Amping up AMPK
The great thing about AMPK, is the plethora of ways we seem to be able to manipulate it. AmpK seems to take away the helplessness of disease or “luck” of cancer and lets us know that we do have biologic pathways that can clearly be manipulated by our lifestyle to thwart off disease.
AMPK is upregulated via several mechanisms (in no apparent order):
Summing it up
With all the recent talk of fasting, a ketogenic diet, and even calorie restriction, insulin (the hormone raised after carbohydrates are consumed in the diet) and the insulin-like growth factor receptor (where insulin and IGF bind) have been getting most of the hype. While it is well-deserved, as they are heavily implicated in cancer diagnosis and progression, we seem to be forgetting about AMPK, the new kid on the block. If we can increase an enzyme that helps stop cancer by fasting, limited carbs, and lifting some weights, isn’t the effect of lifestyle on health common sense at this point?
And remember, even biochemically and metabolically, our lifestyles and actions translate to our health. While Milli Vanilli may not, AMPK helps prove this.
1. Shackelford DB, Shaw RJ. The LKB1-AMPK pathway: metabolism and growth control in tumour suppression. Nat Rev Cancer. 2009;9(8):563-575. doi:nrc2676 [pii] 10.1038/nrc2676.
2. Green AS, Chapuis N, Maciel TT, et al. The LKB1/AMPK signaling pathway has tumor suppressor activity in acute myeloid leukemia through the repression of mTOR-dependent oncogenic mRNA translation. Blood. 2010;116(20):4262-4273. doi:blood-2010-02-269837 [pii] 10.1182/blood-2010-02-269837.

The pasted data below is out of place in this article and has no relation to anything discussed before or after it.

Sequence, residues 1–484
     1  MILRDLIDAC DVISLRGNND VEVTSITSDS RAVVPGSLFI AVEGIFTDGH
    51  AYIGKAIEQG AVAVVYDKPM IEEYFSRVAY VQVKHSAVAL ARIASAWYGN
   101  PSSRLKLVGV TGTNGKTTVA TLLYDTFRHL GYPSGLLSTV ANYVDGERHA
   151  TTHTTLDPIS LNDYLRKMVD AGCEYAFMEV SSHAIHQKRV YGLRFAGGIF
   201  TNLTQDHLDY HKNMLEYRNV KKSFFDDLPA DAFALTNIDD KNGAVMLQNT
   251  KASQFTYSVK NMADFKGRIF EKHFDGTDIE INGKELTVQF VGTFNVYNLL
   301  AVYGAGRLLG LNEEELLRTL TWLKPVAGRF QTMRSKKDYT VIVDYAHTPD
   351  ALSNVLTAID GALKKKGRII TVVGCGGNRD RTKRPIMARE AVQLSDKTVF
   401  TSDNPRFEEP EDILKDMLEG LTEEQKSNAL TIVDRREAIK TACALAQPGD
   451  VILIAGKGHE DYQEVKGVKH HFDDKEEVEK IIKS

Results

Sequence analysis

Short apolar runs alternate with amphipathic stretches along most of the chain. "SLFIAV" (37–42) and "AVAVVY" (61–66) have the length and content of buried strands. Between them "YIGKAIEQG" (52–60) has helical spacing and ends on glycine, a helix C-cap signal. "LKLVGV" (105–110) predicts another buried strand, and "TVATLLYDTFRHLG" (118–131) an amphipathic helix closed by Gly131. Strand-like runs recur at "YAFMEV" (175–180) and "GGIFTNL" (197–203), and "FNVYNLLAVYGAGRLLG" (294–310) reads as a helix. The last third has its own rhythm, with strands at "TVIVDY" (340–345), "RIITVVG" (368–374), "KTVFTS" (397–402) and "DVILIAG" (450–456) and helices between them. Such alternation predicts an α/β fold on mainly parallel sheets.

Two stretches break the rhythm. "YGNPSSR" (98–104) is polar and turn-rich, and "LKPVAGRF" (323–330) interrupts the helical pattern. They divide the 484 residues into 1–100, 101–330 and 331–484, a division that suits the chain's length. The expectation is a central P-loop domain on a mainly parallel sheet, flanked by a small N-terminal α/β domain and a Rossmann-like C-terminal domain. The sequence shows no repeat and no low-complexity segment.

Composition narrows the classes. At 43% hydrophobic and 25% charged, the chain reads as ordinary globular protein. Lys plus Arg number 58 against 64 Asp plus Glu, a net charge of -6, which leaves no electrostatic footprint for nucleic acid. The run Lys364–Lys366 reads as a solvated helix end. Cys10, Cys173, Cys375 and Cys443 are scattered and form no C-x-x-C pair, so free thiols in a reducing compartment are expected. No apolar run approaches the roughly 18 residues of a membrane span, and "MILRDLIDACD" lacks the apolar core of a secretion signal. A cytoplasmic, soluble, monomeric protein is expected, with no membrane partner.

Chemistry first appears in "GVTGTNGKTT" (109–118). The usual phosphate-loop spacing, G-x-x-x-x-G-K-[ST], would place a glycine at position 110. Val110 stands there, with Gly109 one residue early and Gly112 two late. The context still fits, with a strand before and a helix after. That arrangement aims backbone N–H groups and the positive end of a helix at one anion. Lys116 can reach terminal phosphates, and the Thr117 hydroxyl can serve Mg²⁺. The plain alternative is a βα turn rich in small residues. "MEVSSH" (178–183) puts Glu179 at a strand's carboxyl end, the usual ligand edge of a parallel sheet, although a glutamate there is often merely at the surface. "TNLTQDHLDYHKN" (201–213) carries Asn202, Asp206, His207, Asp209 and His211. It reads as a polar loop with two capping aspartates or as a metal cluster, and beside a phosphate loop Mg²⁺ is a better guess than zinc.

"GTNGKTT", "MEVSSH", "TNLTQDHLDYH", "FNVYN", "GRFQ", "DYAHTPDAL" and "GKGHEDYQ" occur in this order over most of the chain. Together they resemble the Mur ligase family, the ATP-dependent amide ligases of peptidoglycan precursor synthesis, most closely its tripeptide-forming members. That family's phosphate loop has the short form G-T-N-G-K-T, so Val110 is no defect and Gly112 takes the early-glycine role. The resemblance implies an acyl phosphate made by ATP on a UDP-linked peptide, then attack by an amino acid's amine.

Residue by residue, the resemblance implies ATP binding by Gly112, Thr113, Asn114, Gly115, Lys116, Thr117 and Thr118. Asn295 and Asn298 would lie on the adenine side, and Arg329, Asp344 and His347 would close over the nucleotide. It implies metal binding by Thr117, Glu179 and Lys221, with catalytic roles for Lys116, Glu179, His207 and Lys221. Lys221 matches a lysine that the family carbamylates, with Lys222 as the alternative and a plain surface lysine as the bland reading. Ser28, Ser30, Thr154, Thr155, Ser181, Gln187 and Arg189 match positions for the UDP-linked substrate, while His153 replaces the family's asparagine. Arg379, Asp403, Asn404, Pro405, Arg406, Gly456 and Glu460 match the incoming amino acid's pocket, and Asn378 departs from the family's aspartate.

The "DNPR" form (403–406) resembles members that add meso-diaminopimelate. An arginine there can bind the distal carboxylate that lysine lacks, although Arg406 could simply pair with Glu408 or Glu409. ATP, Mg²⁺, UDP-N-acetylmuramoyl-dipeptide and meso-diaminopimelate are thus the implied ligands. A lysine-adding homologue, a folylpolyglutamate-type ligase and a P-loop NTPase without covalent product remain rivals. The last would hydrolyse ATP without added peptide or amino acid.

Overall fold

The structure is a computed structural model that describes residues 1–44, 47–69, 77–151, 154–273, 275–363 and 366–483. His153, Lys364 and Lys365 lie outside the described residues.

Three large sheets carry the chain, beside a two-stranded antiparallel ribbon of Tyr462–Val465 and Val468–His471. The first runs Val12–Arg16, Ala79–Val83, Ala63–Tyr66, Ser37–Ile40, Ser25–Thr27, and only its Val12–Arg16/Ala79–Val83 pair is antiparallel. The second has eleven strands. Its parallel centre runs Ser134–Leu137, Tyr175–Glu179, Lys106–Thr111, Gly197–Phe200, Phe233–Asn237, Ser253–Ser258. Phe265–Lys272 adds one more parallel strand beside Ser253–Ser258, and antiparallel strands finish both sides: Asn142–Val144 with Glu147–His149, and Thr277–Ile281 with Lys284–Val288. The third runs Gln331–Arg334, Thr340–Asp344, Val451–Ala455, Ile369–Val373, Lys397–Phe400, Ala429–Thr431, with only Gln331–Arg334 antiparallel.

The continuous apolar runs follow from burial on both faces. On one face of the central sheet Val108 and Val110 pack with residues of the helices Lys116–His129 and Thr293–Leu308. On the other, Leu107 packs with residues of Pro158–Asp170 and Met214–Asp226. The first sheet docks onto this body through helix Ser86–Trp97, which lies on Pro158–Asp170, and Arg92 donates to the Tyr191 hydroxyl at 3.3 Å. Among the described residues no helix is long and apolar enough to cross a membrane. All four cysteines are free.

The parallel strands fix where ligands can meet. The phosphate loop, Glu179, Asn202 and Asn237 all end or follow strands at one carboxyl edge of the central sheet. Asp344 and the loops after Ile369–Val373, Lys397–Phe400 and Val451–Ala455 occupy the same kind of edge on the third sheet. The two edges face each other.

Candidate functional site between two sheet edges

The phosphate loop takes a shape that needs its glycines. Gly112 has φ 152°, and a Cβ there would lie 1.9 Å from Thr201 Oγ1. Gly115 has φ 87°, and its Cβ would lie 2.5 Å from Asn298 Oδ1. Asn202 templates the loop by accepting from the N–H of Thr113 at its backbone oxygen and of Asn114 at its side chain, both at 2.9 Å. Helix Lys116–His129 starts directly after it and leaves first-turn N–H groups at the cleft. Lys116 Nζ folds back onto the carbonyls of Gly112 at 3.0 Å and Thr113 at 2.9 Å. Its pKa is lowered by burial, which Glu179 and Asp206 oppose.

3. Champ CE, Baserga R, Mishra M V, et al. Nutrient Restriction and Radiation Therapy for Cancer Treatment: When Less Is More. Oncologist. 2013;18(1):97-103. doi:10.1634/theoncologist.2012-0164.
4. Faubert B, Boily G, Izreig S, et al. AMPK is a negative regulator of the Warburg effect and suppresses tumor growth in vivo. Cell Metab. 2013;17(1):113-124. doi:10.1016/j.cmet.2012.12.001.
5. Vavvas D, Apazidis A, Saha AK, et al. Contraction-induced changes in acetyl-CoA carboxylase and 5’-AMP-activated kinase in skeletal muscle. J Biol Chem. 1997;272(20):13255-13261. http://www.ncbi.nlm.nih.gov/pubmed/9148944. Accessed January 16, 2015.
6. Winder WW, Hardie DG. Inactivation of acetyl-CoA carboxylase and activation of AMP-activated protein kinase in muscle during exercise. Am J Physiol. 1996;270(2 Pt 1):E299-E304. http://www.ncbi.nlm.nih.gov/pubmed/8779952. Accessed January 16, 2015.
7. Rasmussen BB, Winder WW. Effect of exercise intensity on skeletal muscle malonyl-CoA and acetyl-CoA carboxylase. J Appl Physiol. 1997;83(4):1104-1109. http://www.ncbi.nlm.nih.gov/pubmed/9338417. Accessed January 16, 2015.
8. Draznin B, Wang C, Adochio R, Leitner JW, Cornier MA. Effect of Dietary Macronutrient Composition on AMPK and SIRT1 Expression and Activity in Human Skeletal Muscle. Horm Metab Res. 2012;44(09):650-655. doi:10.1055/s-0032-1312656.
9. Cantó C, Jiang LQ, Deshmukh AS, et al. Interdependence of AMPK and SIRT1 for metabolic adaptation to fasting and exercise in skeletal muscle. Cell Metab. 2010;11(3):213-219. doi:10.1016/j.cmet.2010.02.006.